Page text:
When a young man was called to the Torah as a bar mitzvah in his 30’s, it was a moment celebrated by him and his family with his rabbis and cantor. Though some might ask why he did it, it wasn’t a question that required an answer. It was a moment he chose to create long after his 13th birthday passed. For him, he chose life when he recognized the opportunity before him and he mastered it with understanding and joy.

                This past week, I officiated at a funeral. We mourned the death of a beloved personality, but after experiencing grief it will become our obligation to honor his life with our own. There will always be those who fail to truly live after a loved one dies; but, that’s not what we’re commanded to do. The mitzvah to mourn should be followed by the mitzvah to “Choose Life!” again.

                “While we’re living there’s always hope” is especially poignant in the hospital. Too often I’m asked if all is lost or if there’s anything more to do. I’m not a doctor, so I can’t honestly answer questions that require a scientific or therapeutic reply. I’m a rabbi, so I can say that while the patient is alive, there’s always hope. We find hope in the doctor’s insights and dedication; and, we find hope in prayers that God’s presence will guide the hands of those who help in healing.

                On 9/11, stranded workers in the Towers believed they had no choice but to jump from more than 90 floors above the ground. I don’t believe they jumped because they wanted to die. I believe they jumped because it was their only hope. They jumped because it was a choice to live if by some means they might be spared the terrible and ultimate fall. Our profound sorrow is that there was no probable outcome that they would be spared. The height was too great and 9/11 would be remembered for its unfathomable pain and loss. Though their choice was agonizing, the victims of 9/11 demonstrated their will to live and their power to choose.

                Today, one of the greatest tragedies in our country is the rising suicide rate. Among veterans the suicide rate is higher than the general population. Ending one’s life under the impression that no other choice exists is always tragic, but it’s also mostly preventable. From where does such human despair begin that the only choice that remains is to end one’s life and with it the possibility of hope? Does it begin at home where we reward success and punish failure? Does it happen because we’re reared to be rising-stars and made to fear anything less as signs of weakness and disappointment? Does it grow out of a lack of awareness of faith in God? Not perfect faith, but hope that begins in Torah where feeling commanded by a Commander who implants within us reasons to choose life might stem the tide of increasing numbers of people who stand on the brink everyday.

                “While we’re living, there’s always hope.” Make it your mantra this week. Share it with others who might need to be reminded. In joy and sorrow, alike, we can find meaning. From meaning, we can choose wisely. May our days be filled with choices that lead us to greater joy in living a life of peace.

You may contact Rabbi David Lyon here.

01/08/2016 10:05 AM Posted by:

From the Desk of Rabbi David Lyon
January 8, 2016


Self-control. We have little problem with control; it’s the “self” that gets in the way. Taking a cue from a page of Talmud, we learn, “The eyes and ears are not always dependent on our will-power; but, our tongue is always dependent on our will” (Y. Kiddushin).

                What we see and hear is generally external to us. We can close our eyes and recall a beautiful moment or recall a song we love to hear, but sights and sounds usually originate from somewhere else. Think about a vacation spot or a favorite song; they’re meaningful to us but we have little to do with them except for our appreciation of them. Likewise, we can be repelled by ugly sights and objectionable words. Even when we can’t avoid them, we might have to address them anyway. If we try, we can beautify something that at first offends our eyes, or improve the sound of something that begins as dissonant to us.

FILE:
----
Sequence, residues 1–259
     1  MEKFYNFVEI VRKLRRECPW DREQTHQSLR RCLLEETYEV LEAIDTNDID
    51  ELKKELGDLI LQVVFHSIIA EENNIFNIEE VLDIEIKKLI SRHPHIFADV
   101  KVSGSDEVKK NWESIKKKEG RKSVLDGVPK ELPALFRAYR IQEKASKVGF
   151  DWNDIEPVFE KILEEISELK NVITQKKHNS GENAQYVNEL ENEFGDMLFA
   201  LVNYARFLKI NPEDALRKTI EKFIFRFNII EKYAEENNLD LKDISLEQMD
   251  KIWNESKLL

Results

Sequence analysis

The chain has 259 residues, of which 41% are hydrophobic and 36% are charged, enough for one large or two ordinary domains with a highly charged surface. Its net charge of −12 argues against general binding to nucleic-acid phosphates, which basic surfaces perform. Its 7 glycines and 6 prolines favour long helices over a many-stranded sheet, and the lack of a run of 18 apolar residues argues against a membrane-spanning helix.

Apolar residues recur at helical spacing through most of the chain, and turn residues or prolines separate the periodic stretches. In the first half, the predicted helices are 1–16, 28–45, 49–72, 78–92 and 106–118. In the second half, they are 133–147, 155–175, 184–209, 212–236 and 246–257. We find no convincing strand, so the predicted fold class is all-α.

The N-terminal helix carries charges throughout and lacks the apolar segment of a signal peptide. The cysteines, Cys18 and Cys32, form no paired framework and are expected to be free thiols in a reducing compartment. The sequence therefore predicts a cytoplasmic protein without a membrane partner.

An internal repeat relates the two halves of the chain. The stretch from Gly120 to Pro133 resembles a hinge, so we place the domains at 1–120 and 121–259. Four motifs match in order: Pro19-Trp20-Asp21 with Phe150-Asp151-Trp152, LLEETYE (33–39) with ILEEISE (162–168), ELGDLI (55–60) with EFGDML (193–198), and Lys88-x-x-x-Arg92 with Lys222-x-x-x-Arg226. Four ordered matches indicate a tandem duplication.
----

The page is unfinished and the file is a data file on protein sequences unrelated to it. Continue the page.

Different than our eyes or ears, our tongue is “always dependent on our will.” The tongue literally says so much about who we are by the words we speak and how we speak them. Our words aren’t dependent on anything external. Instead, we are completely responsible for our tongues, no matter how we wag them. Judaism considers as sacred the words that convey Torah values. It considers hearsay, rumors and gossip to be the equivalent of desecrating the entire Torah.

                One of the greatest challenges to self-control is a child’s tantrum. A parent’s reaction is supposed to demonstrate a better way for the child. It begins with words carefully chosen and spoken. Loud doesn’t equal authority or power. Calm is a better way to model self-control. A calm parent can show a child how to navigate his or her way to a solution. And, though our tongues convey speech, it isn’t always necessary to speak. Silence can also bring a tantrum to a quick end and guide once misdirected energy towards more productive tasks, even for a toddler.

                Nothing compares to the feelings we have when we’re in the company of those we love in our family and circle of friends. Sometimes we’re struck dumb by the overwhelming emotions we feel in their presence; but other times we seize the moment to share openly how much they mean to us. While such times are dear, they are sometimes juxtaposed by discord and it becomes difficult to hold back.

                Self-control is critical if we want to find pleasure at all times. In times of joy, it’s important to express gratitude. In times of somebody else’s joy, it’s meaningful to tell them that you’re happy for them, too. But, in times of disappointment or even anger, it’s imperative that self-control guides our tongue to find words that help rather than hurt, resolve conflict rather than destroy relationships, and reflect well on Torah’s way for us rather than desecrate its potential for good and holiness.

                Judaism recognizes that which is external to us, such as sights and sounds, and that which is internal to us, such as our words. Judaism doesn’t pretend that sin exists only outside us like some temptation we can’t bear without God’s help; rather Judaism claims for us that we’re capable of doing much good and as much evil. What we choose to do rests in us, in our eyes, our ears and mostly on our tongues. Self-control isn’t just a modern term for personal happiness; it’s a Torah value that supports and sustains us in the world we want to enjoy and with the people we want to love and love us.

                As the week comes to a close and Shabbat begins, it’s a perfect time to draw in a deep breath and exhale with words of gratitude, hope and peace.

You may contact Rabbi David Lyon here.